Charting the Music of the War

cut-out from 1970 issue of Billboard with War in number-one spot

A 2018 headline from satirical music news website reads: "Documentary About 'Fortunate Son' to Feature Vietnam War." The linkage between a core canon of anti-war anthems and the war itself has been cemented in popular depictions of the conflict after its closing such as Platoon or Forest Gump. Regardless, the typical sound and image tropes abound from "For What Its Worth" playing under a long shot of protesters marching to a wide aerial pan of helicopters flying over wetlands scored by "Fortunate Son." When considering the actual commercial reception of these songs a much more nuanced and complicated picture of popular music's role in the war comes to the surface. To be sure, "For What Its Worth" made its impact as did Creedence Clearwater Revival, but so too did SSgt. Barry Sadler, Victor Lundberg, and Everett Dickerson.

Cover of Creedence Clearwater Revival's 'Fortunate Son'

The interactive graphic below shows the chart performance of singles that make reference to the war over the course of the war (1955-1975). Hover over a bubble on the graph below to learn more. Songs for this page are sourced from the Vietnam War Songs discography

Singles of the Vietnam War on the Billboard Hot 100


Table of Vietnam singles graph data

The contours of the above singles tell a story of the war. Looking purely at quantity, the number of charting singles that refer to Vietnam follow the arc of American involvement in the conflict. 1955 marks the beginning of official U.S. engagement with the creation Military Assistance Advisory Group (MAAG) for South Vietnam providing aid to South Vietnam in the aftermath of the First Indochina War. However, it is not until the deaths of MAAG Vietnam forces in 1959 that the American presence in Southeast Asia registers at home. Following the Kennedy Assasination and Gulf of Tonkin incident in 1963 and 1964 respectively, there was a dramatic escalation in the war and total number of combatants. Correspondingly, the conflict was not visible on the charts until 1959 and then was present only sparsely until a dramatic surge beginning in 1965 and culminating in 1970. This swell correlates to the Americanization policies of Johnson who pushed for greater presence of American forces even as the war became increasingly unpopular in the U.S. Nixon's converse policy of Vietnamization saw a progressive withdrawal of troops marked by the end of direct military support in 1973 and the evacuation of remaining American personnel before the war's end in 1975.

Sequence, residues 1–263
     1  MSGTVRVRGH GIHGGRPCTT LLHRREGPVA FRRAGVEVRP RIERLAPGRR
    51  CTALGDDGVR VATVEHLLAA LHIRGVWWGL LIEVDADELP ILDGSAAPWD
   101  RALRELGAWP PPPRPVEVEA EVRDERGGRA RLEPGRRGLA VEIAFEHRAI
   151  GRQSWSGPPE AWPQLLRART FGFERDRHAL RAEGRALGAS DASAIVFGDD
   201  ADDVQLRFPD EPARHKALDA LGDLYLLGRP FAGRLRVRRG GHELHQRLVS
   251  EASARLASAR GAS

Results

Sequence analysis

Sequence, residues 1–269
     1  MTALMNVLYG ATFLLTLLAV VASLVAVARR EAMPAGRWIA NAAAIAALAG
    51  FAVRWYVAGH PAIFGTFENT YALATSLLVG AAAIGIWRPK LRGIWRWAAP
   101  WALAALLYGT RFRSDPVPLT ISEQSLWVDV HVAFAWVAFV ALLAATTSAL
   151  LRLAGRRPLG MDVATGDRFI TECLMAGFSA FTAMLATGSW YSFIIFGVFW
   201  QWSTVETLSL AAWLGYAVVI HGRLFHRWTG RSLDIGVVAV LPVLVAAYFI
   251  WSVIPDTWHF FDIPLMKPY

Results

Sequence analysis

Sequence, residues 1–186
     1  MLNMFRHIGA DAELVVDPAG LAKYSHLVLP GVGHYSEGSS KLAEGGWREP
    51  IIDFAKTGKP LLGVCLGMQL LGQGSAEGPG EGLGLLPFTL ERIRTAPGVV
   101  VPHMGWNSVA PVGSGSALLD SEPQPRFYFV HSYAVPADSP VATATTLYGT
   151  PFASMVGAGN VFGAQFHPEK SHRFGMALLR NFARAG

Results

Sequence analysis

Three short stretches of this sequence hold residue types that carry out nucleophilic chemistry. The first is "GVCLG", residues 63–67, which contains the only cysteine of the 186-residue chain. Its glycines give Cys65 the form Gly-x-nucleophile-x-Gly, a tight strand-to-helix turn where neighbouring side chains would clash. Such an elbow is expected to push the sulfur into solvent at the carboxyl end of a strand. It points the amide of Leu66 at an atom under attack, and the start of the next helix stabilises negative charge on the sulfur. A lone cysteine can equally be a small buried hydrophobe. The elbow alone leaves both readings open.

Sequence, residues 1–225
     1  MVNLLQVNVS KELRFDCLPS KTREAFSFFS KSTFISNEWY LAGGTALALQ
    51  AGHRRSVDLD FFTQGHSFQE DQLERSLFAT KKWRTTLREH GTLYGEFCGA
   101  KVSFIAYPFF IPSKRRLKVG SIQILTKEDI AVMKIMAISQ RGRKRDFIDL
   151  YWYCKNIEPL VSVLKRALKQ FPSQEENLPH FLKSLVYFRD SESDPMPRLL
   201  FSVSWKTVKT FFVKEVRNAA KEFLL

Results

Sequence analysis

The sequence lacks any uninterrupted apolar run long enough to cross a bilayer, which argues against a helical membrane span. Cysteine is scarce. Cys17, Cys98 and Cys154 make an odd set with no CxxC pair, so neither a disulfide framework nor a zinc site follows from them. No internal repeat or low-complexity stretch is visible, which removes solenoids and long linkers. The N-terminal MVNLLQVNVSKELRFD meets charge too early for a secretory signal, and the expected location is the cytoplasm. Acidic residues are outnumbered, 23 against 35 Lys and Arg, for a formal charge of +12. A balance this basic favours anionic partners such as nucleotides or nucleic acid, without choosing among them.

Total Vietnam War Related Singles in Hot 100 by Year


Table of number Vietnam singles by year graph data

Support and Revival

In the early years of the war, the charts show songs that stuck to established tropes from the early wars of the century: duty, pride, and separation with the hope of return. In a few notable cases artists went beyond merely echoing sentiments of wars past to re-record iconic war songs or even release a sequel. "God Bless America," written during World War I and revised and released just before World War II, makes an appearance on the charts in 1960, but remained a potent connection to wars past throughout the coming decade as it became a counter-protest anthem in support of the war. In some cases Cold War patriotism and anxieties intermingled with a growing awareness of the war in Vietnam as in the lengthily-titled "There's a Star Spangled Banner Waving Somewhere #2 (The Ballad of Francis Powers) a sequel to the WWII hit, adapted to center on the 1960 U-2 incident. Also still popular from earlier wars were military slice-of-life novelty songs such as the revived "Deck of Cards" in which a soldier reprimanded for playing poker in church explains each card as a biblical symbol or the newly composed "Soldier's Joy" which imagines Washington and John Paul Jones celebrating their Revolutionary War victories with a hoedown.

Voices of Protest